This resource is hosted by the Nelson Mandela Centre of Memory, but was compiled and authored by Padraig O’Malley. It is the product of almost two decades of research and includes analyses, chronologies, historical documents, and interviews from the apartheid and post-apartheid eras.
Negotiations and Change
F. W. de Klerk succeeded P. W. Botha in 1989 as head of the National Party and later that year as president of South Africa. Soon after taking office, de Klerk permitted large multiracial crowds in Cape Town and Johannesburg to march against apartheid. He met with Archbishop Desmond M. Tutu and other black leaders, ordered the release of many black political prisoners, and lifted the ban on antiapartheid organizations such as the ANC. With the release of Nelson Mandela from prison in 1990, serious negotiations began over the transition to a post-apartheid South Africa.
The negotiation process proved long and difficult. De Klerk's NP was unwilling at first to consider transferring power to the country's black majority and tried vigorously to institute minority veto power over majority decisions. The ANC then staged general strikes and other nonviolent protests to try forcing the NP to change their position on the issue. The Convention for a Democratic South Africa (CODESA), which opened in December 1991, finally led to a compromise between the NP and the ANC. Eventually, as a result of compromises on both sides, an agreement was reached on November 13, 1993, which pledged to institute a nonracial, nonsexist, unified, and democratic South Africa based on the principle of "one person, one vote." A Transitional Executive Council was formed to supervise national elections and install new national and provincial governments.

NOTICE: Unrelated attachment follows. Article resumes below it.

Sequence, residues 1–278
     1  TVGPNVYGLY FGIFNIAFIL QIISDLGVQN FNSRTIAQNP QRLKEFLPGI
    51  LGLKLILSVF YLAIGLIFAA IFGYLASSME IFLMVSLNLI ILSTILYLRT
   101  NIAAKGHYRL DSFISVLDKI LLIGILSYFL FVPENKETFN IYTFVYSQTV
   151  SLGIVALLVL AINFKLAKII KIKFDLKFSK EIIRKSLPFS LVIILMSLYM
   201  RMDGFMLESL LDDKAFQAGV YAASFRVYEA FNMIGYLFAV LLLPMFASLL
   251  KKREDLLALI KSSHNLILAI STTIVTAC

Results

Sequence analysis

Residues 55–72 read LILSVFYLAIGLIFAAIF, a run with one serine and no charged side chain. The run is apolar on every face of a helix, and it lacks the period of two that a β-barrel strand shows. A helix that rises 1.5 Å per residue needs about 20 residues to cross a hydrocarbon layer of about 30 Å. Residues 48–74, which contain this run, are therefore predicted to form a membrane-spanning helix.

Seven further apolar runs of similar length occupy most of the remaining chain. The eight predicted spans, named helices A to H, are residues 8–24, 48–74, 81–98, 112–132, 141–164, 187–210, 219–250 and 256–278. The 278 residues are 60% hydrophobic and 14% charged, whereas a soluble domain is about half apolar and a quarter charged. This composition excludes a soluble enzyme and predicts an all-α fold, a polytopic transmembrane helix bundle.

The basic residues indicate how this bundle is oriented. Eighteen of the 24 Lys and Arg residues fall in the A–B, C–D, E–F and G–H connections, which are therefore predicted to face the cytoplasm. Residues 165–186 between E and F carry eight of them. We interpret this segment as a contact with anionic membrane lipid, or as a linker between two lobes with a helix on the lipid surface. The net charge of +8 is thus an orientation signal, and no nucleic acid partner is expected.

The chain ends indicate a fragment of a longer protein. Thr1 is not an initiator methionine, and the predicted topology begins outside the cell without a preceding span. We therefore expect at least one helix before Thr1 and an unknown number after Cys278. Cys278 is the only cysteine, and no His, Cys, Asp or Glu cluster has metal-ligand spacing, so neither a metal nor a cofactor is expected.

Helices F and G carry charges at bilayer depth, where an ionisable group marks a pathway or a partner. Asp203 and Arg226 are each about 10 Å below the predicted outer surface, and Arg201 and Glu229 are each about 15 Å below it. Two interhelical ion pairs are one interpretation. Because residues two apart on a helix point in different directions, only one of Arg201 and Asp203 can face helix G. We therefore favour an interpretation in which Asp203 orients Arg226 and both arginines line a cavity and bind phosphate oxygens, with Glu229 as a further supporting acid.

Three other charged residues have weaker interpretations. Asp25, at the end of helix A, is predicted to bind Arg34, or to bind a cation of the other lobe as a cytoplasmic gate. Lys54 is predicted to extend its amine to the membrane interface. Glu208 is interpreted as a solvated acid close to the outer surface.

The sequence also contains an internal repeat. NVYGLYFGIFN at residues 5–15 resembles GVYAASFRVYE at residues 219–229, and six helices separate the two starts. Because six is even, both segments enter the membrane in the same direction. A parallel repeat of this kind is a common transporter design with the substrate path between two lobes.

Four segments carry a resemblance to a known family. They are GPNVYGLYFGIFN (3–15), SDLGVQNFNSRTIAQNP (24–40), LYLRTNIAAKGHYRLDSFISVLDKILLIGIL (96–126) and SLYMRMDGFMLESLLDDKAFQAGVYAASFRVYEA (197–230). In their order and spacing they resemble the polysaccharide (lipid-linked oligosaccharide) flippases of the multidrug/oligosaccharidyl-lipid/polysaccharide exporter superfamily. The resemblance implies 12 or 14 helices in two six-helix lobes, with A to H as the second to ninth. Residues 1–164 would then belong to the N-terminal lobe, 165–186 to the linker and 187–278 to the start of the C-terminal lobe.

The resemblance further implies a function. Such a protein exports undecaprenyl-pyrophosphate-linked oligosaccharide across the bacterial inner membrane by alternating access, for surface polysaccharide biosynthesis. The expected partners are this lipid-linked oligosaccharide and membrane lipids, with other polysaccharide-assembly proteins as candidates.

South Africa's first truly nonracial democratic election was held on April 27, 1994, and declared "substantially free and fair" by the Independent Electoral Commission. Nearly 20 million votes were cast and the ANC received an impressive 63 percent, just short of the two-thirds majority that would have given it the power to write the new constitution on its own without negotiating with other parties. The NP won a surprising 20 percent of the votes because of substantial support from Coloured and Asian voters who feared ANC domination. Only two other parties were able to win the 5 percent minimum for a cabinet seat in the coalition government: Buthelezi's Inkatha Freedom Party (IFP) and the Freedom Front, a coalition of white extremist groups.
The ANC won substantial majorities in seven of the nine newly established provinces, the exceptions being in the Western Cape region where the NP defeated the ANC, in part because of the support of Coloured voters, and in KwaZulu-Natal where the IFP was credited with a majority of the votes despite a number of voting irregularities. The PAC and the liberal Democratic Party had limited appeal for the electorate and made poor showings. Nelson Mandela was elected president of a coalition government by the National Assembly, and he chose Thabo Mbeki as one of two deputy presidents. Former president F. W. de Klerk was chosen by the NP as the other deputy president. In June South Africa rejoined the Commonwealth of Nations.
Although all apartheid legislation was repealed, South Africa remained a country of extreme contradictions. Mandela's government faced the challenge of restructuring the economy and redistributing economic benefits, providing housing and health care, and improving employment possibilities and educational opportunities.